I cannot disagree with the argument that $51,000 is a lot of money for a crossover — any crossover — but given the balance of style, technology, comfort, and drivability offered in the MKX, I wouldn’t be surprised if quite a few shoppers are able to rationalize that sum.
– Evan McCausland, Web Producer
The good news here is that as Evan notes, Lincoln has taken the MKX as far as it possibly could have without redesigning it from scratch. The main story here is the incorporation of MyFord Touch. I’m still not a fan of trading trusty dials and switches for a slightly lag-prone touch screen, but there’s no denying how nice it looks. More important, the new system houses some pretty promising new features, including wi-fi and the ability to synch with certain applications on your smart phone. For the new user, this is all a bit intimidating, but the technologically astute owner will find lots to enjoy.
Dynamically, the MKX still feels far less advanced. It’s not horribly floaty and the 3.7-liter V-6 is plenty powerful, but anyone who has test driven a Volvo SC60, Audi Q5 or BMW X3 will immediately note the difference. But then, not every premium crossover needs to be a canyon carver. Just ask the class leading Lexus RX. Lincoln still lacks the cache and the perceived quality to go toe to toe with Toyota’s premium brand, but if it keeps taking steps forward, it will in the relatively near future.
– David Zenlea, Assistant Editor
I spent the four-day Thanksgiving weekend driving, driving, driving. And it was cold, cold, cold. So I had to figure out those fiddly controls once and for all. Which, I hasten to add, ALL REAL OWNERS would actually do.
1. The steering wheel heater is blissful for about five minutes. Then its way too hot, and part of the wheel remains icy cold.
2. The seat heater on three is also a scorcher, and even one starts to feel a bit over-zealous in the bun warming department.
3. Check that list of standard features for $39,995 and you’ll find the right balance of price/vehicle.
4. Each of the four sections on the main touch screen can be chosen my touching the thin color bar at the top of each. Then you have a more comprehensive, coherent view of the options available.
5. The real working part of the volume bar under the screen is the thin upper edge, not the wide bar where your finger rests.
6. In general, ALL of the controls including the convenient redundant steering wheel buttons are unusually light and delicate, like the main controller on a Blackberry Curve. For years, we’ve been using switches that we can operate with our mittens on, so this is a big mental leap. But the buttons now look so much more refined and designed. I grew used to it.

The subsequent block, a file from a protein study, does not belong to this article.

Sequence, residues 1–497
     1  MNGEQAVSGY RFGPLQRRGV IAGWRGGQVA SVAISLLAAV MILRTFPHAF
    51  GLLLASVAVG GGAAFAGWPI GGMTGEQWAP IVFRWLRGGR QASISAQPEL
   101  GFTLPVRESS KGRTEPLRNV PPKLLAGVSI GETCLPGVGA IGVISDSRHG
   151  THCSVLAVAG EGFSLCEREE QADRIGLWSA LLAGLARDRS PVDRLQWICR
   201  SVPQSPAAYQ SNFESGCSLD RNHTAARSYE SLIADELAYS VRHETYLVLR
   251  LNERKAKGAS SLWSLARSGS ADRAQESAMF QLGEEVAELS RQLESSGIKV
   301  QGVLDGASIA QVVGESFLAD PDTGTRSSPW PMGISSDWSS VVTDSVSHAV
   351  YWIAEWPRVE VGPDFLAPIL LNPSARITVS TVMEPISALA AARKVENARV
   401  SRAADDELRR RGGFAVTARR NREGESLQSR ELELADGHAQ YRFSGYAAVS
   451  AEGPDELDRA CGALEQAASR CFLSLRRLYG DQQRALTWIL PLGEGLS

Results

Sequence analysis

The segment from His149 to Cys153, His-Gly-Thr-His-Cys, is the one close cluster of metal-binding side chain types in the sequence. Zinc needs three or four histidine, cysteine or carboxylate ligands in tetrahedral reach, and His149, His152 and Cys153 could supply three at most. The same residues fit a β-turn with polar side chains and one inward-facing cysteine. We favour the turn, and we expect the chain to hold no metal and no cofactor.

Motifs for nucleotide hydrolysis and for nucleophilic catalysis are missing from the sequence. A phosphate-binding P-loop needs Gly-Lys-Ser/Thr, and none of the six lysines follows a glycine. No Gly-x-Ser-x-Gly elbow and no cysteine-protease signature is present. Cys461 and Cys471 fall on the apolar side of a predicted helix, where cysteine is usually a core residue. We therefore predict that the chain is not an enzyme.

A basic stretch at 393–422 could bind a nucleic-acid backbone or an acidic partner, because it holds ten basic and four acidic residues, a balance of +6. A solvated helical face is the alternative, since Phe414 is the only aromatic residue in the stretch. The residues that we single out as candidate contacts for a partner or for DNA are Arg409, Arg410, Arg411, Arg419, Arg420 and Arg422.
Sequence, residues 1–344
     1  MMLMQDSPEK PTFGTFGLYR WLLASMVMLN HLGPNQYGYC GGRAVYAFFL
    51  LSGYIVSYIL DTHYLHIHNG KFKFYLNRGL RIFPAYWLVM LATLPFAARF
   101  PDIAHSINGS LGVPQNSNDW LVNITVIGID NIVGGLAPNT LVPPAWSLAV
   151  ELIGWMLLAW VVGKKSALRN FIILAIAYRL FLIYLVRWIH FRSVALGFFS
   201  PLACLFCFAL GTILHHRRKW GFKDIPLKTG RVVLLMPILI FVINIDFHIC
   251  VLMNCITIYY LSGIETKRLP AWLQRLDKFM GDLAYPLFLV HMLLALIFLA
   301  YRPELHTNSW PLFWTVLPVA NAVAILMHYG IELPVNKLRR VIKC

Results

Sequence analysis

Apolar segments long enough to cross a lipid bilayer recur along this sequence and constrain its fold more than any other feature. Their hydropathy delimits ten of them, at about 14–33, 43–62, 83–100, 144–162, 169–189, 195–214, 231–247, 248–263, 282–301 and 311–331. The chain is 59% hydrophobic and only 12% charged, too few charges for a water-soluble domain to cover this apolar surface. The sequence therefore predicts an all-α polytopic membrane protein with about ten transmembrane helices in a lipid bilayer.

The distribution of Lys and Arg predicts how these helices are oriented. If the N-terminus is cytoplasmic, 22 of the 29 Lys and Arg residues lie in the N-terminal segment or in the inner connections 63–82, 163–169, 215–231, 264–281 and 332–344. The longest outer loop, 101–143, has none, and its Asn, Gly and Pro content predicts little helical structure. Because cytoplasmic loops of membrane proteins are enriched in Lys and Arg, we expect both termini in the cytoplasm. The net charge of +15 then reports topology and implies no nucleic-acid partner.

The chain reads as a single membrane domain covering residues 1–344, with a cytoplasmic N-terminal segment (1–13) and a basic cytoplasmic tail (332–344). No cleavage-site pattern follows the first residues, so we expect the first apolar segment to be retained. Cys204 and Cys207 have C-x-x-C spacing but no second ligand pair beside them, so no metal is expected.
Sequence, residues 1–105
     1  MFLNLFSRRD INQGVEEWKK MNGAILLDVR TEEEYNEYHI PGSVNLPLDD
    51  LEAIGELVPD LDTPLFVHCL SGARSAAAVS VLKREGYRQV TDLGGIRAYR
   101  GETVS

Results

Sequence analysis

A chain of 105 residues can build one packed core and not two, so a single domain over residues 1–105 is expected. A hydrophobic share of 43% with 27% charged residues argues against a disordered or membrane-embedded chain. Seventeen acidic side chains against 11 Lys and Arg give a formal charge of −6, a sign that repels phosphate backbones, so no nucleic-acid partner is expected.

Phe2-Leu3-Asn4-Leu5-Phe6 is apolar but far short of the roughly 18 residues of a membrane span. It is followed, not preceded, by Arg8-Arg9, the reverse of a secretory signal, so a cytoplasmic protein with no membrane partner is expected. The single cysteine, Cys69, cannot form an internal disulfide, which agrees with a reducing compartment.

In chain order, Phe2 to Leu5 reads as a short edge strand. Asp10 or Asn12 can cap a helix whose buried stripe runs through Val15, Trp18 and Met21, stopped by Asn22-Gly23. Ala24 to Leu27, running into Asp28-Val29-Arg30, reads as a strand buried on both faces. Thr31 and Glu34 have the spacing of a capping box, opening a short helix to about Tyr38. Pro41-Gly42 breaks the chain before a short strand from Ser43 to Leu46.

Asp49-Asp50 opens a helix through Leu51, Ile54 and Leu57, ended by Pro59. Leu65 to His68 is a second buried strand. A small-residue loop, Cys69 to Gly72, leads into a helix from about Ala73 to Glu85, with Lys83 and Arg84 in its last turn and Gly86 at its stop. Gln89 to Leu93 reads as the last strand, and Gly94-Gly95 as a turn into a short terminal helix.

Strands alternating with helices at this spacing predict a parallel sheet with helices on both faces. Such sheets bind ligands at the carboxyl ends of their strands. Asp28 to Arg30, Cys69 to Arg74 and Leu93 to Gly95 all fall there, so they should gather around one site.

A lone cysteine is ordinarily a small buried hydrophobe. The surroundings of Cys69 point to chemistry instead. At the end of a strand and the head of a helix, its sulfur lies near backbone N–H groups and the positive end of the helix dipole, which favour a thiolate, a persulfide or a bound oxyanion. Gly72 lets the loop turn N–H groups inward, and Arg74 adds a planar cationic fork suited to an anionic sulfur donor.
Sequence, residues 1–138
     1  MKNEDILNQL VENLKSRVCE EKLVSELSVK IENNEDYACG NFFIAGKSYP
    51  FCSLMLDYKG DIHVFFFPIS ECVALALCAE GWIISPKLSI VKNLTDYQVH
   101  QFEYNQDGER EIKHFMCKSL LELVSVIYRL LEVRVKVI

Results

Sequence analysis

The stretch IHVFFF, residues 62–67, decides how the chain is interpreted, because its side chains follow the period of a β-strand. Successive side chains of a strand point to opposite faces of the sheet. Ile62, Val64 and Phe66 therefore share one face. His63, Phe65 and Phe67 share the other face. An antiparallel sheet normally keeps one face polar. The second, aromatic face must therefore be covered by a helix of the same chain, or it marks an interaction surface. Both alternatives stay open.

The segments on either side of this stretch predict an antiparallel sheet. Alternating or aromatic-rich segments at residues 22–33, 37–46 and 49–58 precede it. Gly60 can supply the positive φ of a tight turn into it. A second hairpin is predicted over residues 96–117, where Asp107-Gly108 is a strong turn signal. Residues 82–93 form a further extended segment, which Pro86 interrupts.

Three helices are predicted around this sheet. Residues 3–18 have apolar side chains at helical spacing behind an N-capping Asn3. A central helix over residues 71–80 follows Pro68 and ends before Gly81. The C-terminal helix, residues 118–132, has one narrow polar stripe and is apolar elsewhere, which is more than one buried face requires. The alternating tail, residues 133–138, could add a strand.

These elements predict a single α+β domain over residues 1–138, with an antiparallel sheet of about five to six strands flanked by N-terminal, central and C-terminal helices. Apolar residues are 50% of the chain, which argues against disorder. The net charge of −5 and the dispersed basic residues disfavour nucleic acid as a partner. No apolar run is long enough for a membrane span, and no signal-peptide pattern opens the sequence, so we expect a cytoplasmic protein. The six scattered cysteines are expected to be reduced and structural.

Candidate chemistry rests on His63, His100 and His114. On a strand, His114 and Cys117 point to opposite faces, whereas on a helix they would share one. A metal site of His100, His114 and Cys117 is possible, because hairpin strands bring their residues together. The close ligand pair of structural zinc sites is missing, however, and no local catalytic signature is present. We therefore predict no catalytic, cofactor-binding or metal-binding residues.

7. My husband noticed it first, the uncomfortableness of his physical relationship to the vehicle while driving. Joe DeMatio hits it on the head. The platform just feels odd.
8. I, like Evan, think the materials are exquisite.
– Jean Jennings, Editor In Chief
Base price (with destination): $39,995
Price as tested: $51,135
3.7-liter V-6 engine
6-speed automatic transmission
4-wheel disc brakes with ABS
Tire pressure monitoring system
Heated power mirrors
10-way heated/cooled front seats
Rear seat 60/40 split fold
MyLincoln Touch system
AM/FM stereo with CD/MP3 player
Sync voice-activated system
Sirius satellite radio
Dual-zone automatic climate control
Tilt/telescoping steering column
Intelligent access key with push-button ignition
Auto-dimming rearview mirror
Reverse sensing system
Options on this vehicle:
Rapid Spec 201A-AWD — $7500
Adaptive HID headlamps
Voice activated navigation system
Panoramic vista roof
Blind spot monitoring system
THX II certified audio system
20-inch chrome clad aluminum wheels
All-wheel drive — $1850
Adaptive cruise control — $1295
Wood package — $495
Key options not on vehicle:
Family entertainment package — $1995
Rear seat entertainment system
Trailer tow package — $395
Fuel economy: 17/23/19 mpg (city/hwy/combined)
Size: 3.7L V-6
Horsepower: 305 hp @ 6500 rpm
Torque: 280 lb-ft @ 4000 rpm
Transmission: 6-speed automatic
Wheels/tires: 20-inch chrome clad aluminum wheels; 245/50R20 Pirelli Scorpion STR A all-season tires